Minoan Snake Goddess 16th Century Replica Cretan Healer Priestess Statue 7.9″
Minoan Snake Goddess 16th Century Replica Cretan Healer Priestess Statue 7.9″ 20 cm
Height : 7.9 inches (20 cm)
Width: 4.5 inches (11.4 cm)
Weight: 0.72 lbs (330 cm)
New In Box
Holding her legendary sacred snakes, this revered goddess has been credited as healer, messenger and priestess of retribution. An exact replica of the historic statue unearthed in Knossos, Crete at the turn of the last century, our museum-quality designer resin work is hand-painted with an ancient patina that echoes the distinctive ceramic original.
“Snake goddess” is the name commonly given to a type of figurine depicting a woman holding a snake in each hand, as were found in Minoan archaeological sites in Crete. The first two of such figurines (both incomplete) were found by the British archaeologist Arthur Evans and date to the neo-palatial period of Minoan civilization, ca. 1700–1450 BCE. It was Evans who called the largest of his pair of figurines a “Snake Goddess”, the smaller a “Snake Priestess”; since then, it has been debated whether Evans was right, or whether both figurines depict priestesses, or both depict the same deity or distinct deities.
The figurines were found only in house sanctuaries, where the figurine appears as “the goddess of the household”, and they are probably (according to Burkert) related with the Paleolithic tradition regarding women and domesticity. The figurines have also been interpreted as showing a mistress of an animals-type goddess and as a precursor to Athena Parthenos, who is also associated with snakes.
The first two Snake Goddess figurines to be discovered were found by Arthur Evans in 1903, in the temple repositories of Knossos. The figurines are made of faience, a technique for glazing earthenware and other ceramic vessels by using a quartz paste. This material symbolized in old Egypt the renewal of life, therefore it was used in the funeral cult and in the sanctuaries. After firing this produces bright colors and a lustrous sheen.
These two figurines are today exhibited at the Heraklion Archeological Museum in Crete. It is possible that they illustrate the fashion of dress of Minoan women: a tight bodice which left the breasts bare, a long flounced skirt, and an apron made of material with embroidered or woven decoration. The largest of these figures has snakes crawling over her arms up to her tiara. The smaller figure holds two snakes in her raised hands, which seems to be the imitation of a panther. These were usually symbols of an earth goddess.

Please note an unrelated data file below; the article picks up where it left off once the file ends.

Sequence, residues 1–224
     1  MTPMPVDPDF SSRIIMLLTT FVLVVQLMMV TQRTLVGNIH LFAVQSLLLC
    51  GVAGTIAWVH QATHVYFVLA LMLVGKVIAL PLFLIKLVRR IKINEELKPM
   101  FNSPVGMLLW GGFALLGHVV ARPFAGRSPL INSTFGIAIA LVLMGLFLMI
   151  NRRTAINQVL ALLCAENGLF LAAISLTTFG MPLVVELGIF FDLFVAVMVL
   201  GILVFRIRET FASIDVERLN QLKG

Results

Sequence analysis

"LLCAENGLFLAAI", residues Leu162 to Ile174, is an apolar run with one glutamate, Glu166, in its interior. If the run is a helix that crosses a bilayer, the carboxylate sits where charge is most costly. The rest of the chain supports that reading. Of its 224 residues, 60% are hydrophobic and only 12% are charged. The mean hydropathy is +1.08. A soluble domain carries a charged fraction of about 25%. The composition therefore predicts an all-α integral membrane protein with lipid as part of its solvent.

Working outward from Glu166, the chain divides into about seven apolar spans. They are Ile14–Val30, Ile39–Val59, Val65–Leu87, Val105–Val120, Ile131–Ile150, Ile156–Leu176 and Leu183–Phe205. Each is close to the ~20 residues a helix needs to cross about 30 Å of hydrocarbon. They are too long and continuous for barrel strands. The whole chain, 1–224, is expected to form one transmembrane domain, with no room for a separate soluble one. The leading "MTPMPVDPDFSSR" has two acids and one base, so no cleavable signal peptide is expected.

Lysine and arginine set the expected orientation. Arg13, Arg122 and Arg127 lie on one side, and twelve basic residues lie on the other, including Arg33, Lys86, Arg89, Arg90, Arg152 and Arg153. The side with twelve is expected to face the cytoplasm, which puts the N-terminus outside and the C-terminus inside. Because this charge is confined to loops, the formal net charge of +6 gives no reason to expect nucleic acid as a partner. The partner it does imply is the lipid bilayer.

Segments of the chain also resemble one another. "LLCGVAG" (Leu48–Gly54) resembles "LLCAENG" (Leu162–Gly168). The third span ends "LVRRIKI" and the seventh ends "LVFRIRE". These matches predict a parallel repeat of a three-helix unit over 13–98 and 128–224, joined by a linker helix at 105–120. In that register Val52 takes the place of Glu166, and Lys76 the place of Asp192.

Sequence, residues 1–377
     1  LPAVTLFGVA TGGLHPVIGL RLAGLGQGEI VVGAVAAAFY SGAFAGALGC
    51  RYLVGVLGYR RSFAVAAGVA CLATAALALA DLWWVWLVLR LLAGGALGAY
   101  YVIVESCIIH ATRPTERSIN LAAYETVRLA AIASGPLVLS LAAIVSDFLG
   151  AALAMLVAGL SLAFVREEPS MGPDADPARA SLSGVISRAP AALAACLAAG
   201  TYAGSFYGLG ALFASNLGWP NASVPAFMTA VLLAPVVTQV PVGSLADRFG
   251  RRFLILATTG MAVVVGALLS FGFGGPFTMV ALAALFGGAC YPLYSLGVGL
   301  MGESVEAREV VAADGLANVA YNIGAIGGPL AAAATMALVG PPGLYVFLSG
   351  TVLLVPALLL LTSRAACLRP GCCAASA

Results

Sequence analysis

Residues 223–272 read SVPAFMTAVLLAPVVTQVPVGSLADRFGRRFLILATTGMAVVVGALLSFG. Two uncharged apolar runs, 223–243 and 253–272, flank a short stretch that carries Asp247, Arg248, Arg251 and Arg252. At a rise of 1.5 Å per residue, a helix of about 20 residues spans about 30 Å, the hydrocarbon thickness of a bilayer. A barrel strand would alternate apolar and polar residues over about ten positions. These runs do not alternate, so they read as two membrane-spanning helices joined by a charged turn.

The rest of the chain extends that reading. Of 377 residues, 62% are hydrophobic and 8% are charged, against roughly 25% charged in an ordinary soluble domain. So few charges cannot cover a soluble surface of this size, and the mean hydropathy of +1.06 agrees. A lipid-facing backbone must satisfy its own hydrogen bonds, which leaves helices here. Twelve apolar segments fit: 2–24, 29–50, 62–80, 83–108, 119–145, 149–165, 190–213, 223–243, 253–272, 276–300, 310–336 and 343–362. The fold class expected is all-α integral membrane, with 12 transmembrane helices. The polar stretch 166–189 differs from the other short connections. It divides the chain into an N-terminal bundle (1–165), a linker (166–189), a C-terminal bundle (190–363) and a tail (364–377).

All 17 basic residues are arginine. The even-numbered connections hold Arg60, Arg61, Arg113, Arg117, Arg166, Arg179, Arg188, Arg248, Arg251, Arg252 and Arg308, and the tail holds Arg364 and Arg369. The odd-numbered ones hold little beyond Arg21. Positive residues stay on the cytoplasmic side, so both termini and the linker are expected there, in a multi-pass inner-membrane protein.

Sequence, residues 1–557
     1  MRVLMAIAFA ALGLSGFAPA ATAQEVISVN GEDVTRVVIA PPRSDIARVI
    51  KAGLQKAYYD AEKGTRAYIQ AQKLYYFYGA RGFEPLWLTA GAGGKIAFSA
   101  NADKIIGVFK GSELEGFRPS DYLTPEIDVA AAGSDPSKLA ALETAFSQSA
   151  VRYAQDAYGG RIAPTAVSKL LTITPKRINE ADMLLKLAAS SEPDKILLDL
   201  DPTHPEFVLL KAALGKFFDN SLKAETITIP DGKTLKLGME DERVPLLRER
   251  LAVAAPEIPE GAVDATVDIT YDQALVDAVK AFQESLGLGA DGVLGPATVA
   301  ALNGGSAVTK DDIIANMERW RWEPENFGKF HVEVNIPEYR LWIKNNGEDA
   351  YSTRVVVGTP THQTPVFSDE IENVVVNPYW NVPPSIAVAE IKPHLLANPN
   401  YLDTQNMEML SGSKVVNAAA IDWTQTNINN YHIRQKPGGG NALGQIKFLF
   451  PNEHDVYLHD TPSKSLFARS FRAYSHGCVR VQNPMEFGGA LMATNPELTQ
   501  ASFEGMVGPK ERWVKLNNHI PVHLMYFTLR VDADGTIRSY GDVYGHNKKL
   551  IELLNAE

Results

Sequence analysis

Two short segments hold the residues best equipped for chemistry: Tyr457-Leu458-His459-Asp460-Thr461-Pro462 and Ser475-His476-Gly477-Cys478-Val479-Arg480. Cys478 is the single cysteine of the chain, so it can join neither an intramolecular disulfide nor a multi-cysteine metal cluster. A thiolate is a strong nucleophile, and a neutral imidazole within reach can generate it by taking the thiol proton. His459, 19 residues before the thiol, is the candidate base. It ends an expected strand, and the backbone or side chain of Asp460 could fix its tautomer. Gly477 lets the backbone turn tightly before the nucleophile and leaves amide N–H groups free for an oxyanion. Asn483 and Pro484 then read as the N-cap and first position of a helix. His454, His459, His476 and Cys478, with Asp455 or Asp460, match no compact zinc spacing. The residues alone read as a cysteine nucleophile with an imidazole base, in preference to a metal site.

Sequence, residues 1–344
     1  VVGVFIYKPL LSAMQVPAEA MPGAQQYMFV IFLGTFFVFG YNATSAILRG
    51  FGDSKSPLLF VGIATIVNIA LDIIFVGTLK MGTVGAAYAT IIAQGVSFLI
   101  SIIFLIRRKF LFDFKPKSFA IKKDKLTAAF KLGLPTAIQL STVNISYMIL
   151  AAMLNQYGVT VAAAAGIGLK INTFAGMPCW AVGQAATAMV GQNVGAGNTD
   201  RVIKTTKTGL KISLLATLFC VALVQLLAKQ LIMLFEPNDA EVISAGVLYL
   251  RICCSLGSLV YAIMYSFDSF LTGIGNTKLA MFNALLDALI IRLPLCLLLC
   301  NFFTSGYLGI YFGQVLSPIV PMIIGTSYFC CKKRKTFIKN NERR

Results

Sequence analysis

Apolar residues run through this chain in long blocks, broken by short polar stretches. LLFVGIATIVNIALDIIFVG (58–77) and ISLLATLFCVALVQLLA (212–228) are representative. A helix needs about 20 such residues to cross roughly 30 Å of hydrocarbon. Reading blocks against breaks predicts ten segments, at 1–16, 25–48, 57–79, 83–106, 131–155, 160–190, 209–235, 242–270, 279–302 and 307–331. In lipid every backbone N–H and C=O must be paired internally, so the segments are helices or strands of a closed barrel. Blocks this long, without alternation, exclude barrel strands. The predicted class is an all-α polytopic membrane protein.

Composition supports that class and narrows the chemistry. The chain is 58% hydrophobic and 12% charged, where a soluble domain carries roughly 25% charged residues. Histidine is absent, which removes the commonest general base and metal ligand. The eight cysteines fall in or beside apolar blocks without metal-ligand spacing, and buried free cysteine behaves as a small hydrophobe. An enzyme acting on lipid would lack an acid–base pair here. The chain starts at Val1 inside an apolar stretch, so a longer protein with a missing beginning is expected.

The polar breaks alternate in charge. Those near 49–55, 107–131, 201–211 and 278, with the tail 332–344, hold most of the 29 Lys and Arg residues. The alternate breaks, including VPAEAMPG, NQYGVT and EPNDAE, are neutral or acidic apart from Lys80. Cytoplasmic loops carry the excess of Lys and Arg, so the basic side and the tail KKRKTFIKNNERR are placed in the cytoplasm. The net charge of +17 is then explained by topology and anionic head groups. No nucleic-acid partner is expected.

In particular, one of the snake goddesses was found in a few scattered pieces, and was later filled with a solution of paraffin to preserve it from further damage. The goddess is depicted just as in other statues (crown on head, hands grasping snakes and so on) The expression on her face is described as lifelike, and is also wearing the typical Minoan dress. Another figure found in Berlin, made of bronze, looks more like a snake charmer with the snakes on top of her head. Many Minoan statues and statuettes seem to express a pride.
Clay sculptures with raised hands and curling snakes were found in the “House of the double axes” in Knossos, in Asine, in Gournia, and in Myrtos. Objects with snakes curling up the sides of clay tubes were also found in Cyprus and Palestine.
Objects from the temple Repositories (Knossos) after its discovery in 1903
The snake goddess’s Minoan name may be related with A-sa-sa-ra, a possible interpretation of inscriptions found in Linear A text. Although Linear A is not yet deciphered, Palmer relates tentatively the inscription a-sa-sa-ra-me which seems to have accompanied goddesses, with the Hittite išhaššara, which means “mistress”.
The serpent is often symbolically associated with the renewal of life because it sheds its skin periodically. A similar belief existed in the ancient Mesopotamians and Semites, and appears also in Hindu mythology. The Pelasgian myth of creation refers to snakes as the reborn dead. However, Nilsson noticed that in the Minoan religion the snake was the protector of the house, as it later appears also in Greek religion. Among the Greek Dionysiac cult it signified wisdom and was the symbol of fertility.
A woman (probably a goddess) holding snakes in both hands, from Gotland, Sweden
Barry Powell suggested that the snake goddess reduced in legend into a folklore heroine was Ariadne (utterly pure or the very holy one), who is often depicted surrounded by Maenads and satyrs. Some scholars relate the snake goddess with the Phoenician Astarte (virgin daughter). She was the goddess of fertility and sexuality and her worship was connected with an orgiastic cult. Her temples were decorated with serpentine motifs. In a related Greek myth Europa, who is sometimes identified with Astarte in ancient sources, was a Phoenician princess who Zeus abducted and carried to Crete. Evans tentatively linked the snake goddess with the Egyptian snake goddess Wadjet but did not pursue this connection. Statuettes similar to the “snake goddess” identified as priest of Wadjud and magician were found in Egypt.
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